The contentious Government of National Capital Territory of Delhi (Amendment) Act, 2021, has come into force. This Act gives precedence to the Lieutenant Governor of Delhi over the elected government. According to this Act, the 'government' in Delhi is the 'Lieutenant Governor', says the law.
According to a notification issued by the Union Ministry of Home Affairs, the provisions of this Act came into effect from April 27. The notification signed by additional secretary in the MHA Govind Mohan read, "In exercise of the powers by sub-section (2) of section 1 of the Government of National Capital Territory of Delhi (Amendment) Act 2021 (15 of 2021), the Central Government hereby appoints the 27th April 2021 as the date on which the provisions of the said Act shall come into force."
The Lok Sabha passed the bill on March 22, whereas the Rajya Sabha cleared it on March 24. Aam Aadmi Party (AAP) chief and Delhi Chief Minister Arvind Kejriwal did not receive this announcement well. While AAP had said it would knock the doors of the Supreme Court against this bill, Kejriwal took to Twitter to express his disappointment.
"Rajya Sabha passes GNCTD Amendment Bill. Sad day for Indian democracy. We will continue our struggle to restore power back to people. Whatever be the obstacles, we will continue doing good work. Work will neither stop now slow down," tweeted Kejriwal.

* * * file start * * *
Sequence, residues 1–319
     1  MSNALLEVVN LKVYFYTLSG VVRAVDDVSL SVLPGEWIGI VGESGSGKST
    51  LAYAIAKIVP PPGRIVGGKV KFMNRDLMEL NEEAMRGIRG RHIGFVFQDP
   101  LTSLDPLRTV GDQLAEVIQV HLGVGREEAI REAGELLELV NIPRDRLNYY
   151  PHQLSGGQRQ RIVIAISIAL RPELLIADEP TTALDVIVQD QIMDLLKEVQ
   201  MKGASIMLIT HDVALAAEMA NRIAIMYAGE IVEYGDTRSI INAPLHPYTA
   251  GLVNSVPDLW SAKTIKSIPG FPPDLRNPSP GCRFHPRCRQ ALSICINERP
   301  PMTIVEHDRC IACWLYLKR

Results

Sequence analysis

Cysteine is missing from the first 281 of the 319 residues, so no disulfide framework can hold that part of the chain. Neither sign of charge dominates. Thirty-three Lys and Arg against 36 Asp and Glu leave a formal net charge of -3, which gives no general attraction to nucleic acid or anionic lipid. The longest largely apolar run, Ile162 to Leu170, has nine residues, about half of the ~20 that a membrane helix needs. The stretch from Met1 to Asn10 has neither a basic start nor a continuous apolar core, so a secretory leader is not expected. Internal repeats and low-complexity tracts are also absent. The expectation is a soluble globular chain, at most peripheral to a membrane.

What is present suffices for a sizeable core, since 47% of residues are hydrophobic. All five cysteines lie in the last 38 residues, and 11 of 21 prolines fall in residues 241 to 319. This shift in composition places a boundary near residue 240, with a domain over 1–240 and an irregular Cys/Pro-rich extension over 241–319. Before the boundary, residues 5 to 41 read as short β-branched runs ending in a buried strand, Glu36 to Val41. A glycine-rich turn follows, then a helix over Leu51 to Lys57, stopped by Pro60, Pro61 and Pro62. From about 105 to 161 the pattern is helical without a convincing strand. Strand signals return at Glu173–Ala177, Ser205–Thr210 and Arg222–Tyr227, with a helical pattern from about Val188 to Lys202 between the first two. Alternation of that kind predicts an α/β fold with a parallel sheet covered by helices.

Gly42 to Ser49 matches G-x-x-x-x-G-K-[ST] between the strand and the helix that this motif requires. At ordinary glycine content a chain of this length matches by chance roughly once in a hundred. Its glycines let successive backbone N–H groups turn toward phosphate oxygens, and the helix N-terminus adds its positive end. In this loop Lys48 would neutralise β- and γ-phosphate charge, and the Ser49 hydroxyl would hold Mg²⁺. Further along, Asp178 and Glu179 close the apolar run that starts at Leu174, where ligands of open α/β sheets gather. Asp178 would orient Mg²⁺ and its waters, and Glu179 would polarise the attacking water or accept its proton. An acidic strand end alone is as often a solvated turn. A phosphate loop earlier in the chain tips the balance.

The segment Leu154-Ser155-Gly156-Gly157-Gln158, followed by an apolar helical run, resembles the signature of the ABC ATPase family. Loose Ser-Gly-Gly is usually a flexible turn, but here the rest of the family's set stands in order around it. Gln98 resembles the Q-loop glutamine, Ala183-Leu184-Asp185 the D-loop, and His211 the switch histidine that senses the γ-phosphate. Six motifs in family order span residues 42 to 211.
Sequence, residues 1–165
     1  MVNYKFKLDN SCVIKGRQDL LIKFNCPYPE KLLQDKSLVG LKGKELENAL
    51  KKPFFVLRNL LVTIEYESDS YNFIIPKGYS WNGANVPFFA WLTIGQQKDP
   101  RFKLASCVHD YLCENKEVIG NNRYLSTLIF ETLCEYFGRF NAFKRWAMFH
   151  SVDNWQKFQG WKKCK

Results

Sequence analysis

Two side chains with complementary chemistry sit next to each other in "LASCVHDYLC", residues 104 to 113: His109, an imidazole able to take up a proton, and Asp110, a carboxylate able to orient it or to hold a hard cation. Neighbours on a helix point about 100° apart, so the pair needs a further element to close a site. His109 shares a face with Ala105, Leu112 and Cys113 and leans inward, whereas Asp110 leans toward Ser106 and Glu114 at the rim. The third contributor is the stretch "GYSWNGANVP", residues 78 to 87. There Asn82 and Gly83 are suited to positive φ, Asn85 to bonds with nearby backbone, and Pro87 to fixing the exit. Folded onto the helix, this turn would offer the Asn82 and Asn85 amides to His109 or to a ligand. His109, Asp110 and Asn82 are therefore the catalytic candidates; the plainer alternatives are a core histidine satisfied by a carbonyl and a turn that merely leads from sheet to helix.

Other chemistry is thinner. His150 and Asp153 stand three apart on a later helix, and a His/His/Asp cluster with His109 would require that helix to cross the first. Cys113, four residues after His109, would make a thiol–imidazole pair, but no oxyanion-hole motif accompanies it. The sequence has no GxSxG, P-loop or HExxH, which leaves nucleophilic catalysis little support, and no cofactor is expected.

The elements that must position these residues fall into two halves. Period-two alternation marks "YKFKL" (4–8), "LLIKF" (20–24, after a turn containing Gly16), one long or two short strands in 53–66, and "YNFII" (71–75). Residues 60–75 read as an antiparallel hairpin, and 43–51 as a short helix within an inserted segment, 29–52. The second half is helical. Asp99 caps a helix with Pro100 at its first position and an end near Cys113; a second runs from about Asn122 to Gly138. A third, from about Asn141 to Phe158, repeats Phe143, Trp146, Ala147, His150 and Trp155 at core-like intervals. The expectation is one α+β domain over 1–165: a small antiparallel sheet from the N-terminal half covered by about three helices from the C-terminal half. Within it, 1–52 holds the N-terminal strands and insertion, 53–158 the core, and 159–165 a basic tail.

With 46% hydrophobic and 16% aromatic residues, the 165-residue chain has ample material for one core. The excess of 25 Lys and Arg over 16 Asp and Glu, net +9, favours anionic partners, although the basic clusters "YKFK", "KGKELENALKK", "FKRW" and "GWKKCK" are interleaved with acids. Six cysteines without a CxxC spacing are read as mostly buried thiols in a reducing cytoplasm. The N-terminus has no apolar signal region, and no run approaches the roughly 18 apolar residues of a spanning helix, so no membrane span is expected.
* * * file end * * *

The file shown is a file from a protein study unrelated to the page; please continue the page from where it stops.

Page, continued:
RS passes GNCTD amendment Bill. Sad day for Indian democracy— Arvind Kejriwal (@ArvindKejriwal) March 24, 2021
We will continue our struggle to restore power back to people.
Whatever be the obstacles, we will continue doing good work. Work will neither stop nor slow down.
Why is the GNCTD Act so contentious?
The Act equates 'government' in Delhi to the 'Lieutenant Governor'. This implies that the L-G will now have more powers than before. The bill is contentious as it may lead to decrease in the powers that rest with the Delhi chief minister.
The demarcation of powers between the L-G and the Delhi government is in line with a 2018 Supreme Court ruling, which held that though the Delhi government did not have to obtain L-G's concurrence on day-to-day administrative matters, it needed to keep the L-G office informed.
According to this legislation, the elected government will have to send its legislative and executive proposals to the L-G at least a fortnight in advance. In case, the L-G does not agree with the Delhi government, he can refer the bill to the Centre/President.
Besides, if the L-G considers a matter to be urgent, he can take immediate decision even if the matter is pending with the President.
This bill also gives the L-G the power to act according to his discretion in matters related to the All India (Civil) Services and the Anti-Corruption Bureau, which is not in the purview of the Delhi Legislative Assembly. According to this Act, validity of any decision taken by the L-G as per his discretion shall not be questioned.
Edited by Mehak Agarwal; with PTI inputs